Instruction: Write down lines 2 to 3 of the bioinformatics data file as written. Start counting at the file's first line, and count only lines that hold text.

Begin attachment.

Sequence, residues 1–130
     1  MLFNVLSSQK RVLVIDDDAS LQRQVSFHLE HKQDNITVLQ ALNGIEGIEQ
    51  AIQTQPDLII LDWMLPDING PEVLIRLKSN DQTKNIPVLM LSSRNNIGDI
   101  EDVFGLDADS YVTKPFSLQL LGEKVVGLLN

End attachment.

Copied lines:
     1  MLFNVLSSQK RVLVIDDDAS LQRQVSFHLE HKQDNITVLQ ALNGIEGIEQ
    51  AIQTQPDLII LDWMLPDING PEVLIRLKSN DQTKNIPVLM LSSRNNIGDI